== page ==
Our clinic sees many different thyroid disorders and one of the main questions that we get from patients is about whether supplemental iodine will be helpful for their thyroid. While we wish that the answer to this question were simple, the role of iodine in the thyroid is a complicated one. We will outline the basics of iodine’s function in the thyroid here for those who want a little more information on the subject.
In short, iodine is essential for production of thyroid hormone within the thyroid gland. In order for the thyroid gland to make enough thyroid hormone, it needs the right amount of iodine; between 100 and 300 micrograms per day of iodine intake is generally recommended for the average person. Iodine is also a powerful antioxidant in many other organs in the body besides the thyroid and can be very beneficial to tissue healing and decreasing inflammation.
Although this nutrient can be very beneficial in the right amount, it can also be harmful if there is too much in the system. Because our bodies are so good at regulating themselves, too much iodine in the bloodstream doesn’t automatically create more thyroid hormone. When iodide (the form of iodine in our blood) is in the thyroid gland cells, it is converted to iodine by an enzyme known as thyroid peroxidase (or TPO) to be used to make thyroid hormone. This process is called oxidation, and produces what most people know as free oxygen radicals, which can damage nearby cells and cause inflammation in an area. Normally these radicals are reduced by other antioxidants in the body; however, if there are not enough antioxidants to help offset the oxidation of iodine in the thyroid tissue, it produces a lot of inflammation and damage to the nearby thyroid cells. This condition, where free radicals damage the tissue in response to things like higher iodine blood levels have been linked to autoimmune diseases such as Hashimoto’s thyroiditis. In Hashimoto’s, antibodies attach to cells in the thyroid gland and damage the cells and surrounding tissues.
But here is where the major complication arises – we need iodine to make thyroid hormone, and without it we can’t make enough thyroid hormone and therefore become hypothyroid.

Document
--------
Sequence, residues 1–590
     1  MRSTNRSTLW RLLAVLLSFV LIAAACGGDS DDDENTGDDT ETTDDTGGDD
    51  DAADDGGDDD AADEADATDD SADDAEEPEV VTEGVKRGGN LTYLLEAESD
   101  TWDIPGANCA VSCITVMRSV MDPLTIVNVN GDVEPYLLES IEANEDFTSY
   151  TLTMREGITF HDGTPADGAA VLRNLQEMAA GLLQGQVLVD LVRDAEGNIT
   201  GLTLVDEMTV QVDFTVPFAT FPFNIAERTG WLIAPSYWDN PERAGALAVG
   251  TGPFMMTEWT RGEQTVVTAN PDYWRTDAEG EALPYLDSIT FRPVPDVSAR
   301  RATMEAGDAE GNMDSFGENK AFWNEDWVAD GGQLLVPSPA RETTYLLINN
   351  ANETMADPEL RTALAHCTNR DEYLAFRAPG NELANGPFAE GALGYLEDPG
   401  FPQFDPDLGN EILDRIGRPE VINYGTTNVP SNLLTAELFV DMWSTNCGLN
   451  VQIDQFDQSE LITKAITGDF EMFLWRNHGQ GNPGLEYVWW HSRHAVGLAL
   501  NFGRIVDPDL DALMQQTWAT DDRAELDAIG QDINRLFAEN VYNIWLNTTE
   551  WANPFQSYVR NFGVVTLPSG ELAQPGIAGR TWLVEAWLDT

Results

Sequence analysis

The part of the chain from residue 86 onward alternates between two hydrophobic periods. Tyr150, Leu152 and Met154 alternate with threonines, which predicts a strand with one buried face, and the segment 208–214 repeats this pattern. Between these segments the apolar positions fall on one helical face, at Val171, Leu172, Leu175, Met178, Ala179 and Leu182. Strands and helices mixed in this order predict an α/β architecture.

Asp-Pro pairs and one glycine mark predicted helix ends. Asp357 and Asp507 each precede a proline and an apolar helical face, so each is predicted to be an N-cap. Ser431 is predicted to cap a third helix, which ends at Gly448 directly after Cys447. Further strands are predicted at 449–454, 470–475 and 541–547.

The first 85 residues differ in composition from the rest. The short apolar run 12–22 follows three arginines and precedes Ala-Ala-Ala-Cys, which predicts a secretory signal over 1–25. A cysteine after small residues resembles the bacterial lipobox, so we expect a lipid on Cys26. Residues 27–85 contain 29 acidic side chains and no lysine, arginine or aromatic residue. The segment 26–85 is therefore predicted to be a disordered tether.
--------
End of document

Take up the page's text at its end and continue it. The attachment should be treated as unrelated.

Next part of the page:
So if too little iodine can make you hypothyroid and too much iodine can make hypothyroidism worse in autoimmune conditions, how can we find a balance? It is always important to make sure to identify the underlying cause of what is causing your thyroid to malfunction (if possible) if it is not working correctly. If there is an iodine deficiency present (which is possible even in the United States), then iodine may help to improve symptoms and increase production of thyroid hormone. In relation to Hashimoto’s thyroiditis, and other chronic autoimmune thyroid diseases, it is often better to decrease the amount of iodine until antibody levels can be reduced, so that you are not aggravating the inflammation already present in the thyroid gland with additional iodine.
If you are looking to check your iodine intake in relation to your thyroid, generally 100 – 300 micrograms per day is the standard intake. If you have Hashimoto’s thyroiditis, it is ideal to keep your iodine intake below 600 micrograms per day to avoid causing complications with your condition. Pregnant women need to be additionally careful and should consult with their physician on what an appropriate intake of iodine should be.
Of course, if you have any type of thyroid condition, it is important to work with your doctor to improve your thyroid function on all levels. Free-radical oxidation can happen due to a number of triggers including environmental toxicity, food allergies, or other inflammatory triggers. It is important to figure out which triggers are specifically affecting your thyroid and treating it at the root cause. If you have questions about how you can treat your thyroid disease and reduce thyroid antibodies, call our clinic today to speak with one of our physicians.
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